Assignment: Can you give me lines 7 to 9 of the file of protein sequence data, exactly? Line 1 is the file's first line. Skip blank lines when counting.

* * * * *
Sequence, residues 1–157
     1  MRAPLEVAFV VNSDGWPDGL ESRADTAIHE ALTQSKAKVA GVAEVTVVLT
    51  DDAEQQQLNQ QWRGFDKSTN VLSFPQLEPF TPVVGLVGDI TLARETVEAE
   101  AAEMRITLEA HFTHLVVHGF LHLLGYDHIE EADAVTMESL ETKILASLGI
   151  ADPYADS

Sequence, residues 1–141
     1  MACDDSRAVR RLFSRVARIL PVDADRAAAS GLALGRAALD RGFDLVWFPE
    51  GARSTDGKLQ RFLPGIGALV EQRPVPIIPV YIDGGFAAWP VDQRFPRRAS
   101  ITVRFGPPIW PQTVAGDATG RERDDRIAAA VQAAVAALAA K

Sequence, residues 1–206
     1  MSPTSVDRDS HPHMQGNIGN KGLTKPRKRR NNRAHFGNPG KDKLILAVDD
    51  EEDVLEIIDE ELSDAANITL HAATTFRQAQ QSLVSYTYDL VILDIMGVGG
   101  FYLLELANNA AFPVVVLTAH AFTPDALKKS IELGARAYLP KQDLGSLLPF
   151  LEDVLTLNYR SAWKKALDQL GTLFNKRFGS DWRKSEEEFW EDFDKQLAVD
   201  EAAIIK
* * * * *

     1  MACDDSRAVR RLFSRVARIL PVDADRAAAS GLALGRAALD RGFDLVWFPE
    51  GARSTDGKLQ RFLPGIGALV EQRPVPIIPV YIDGGFAAWP VDQRFPRRAS
   101  ITVRFGPPIW PQTVAGDATG RERDDRIAAA VQAAVAALAA K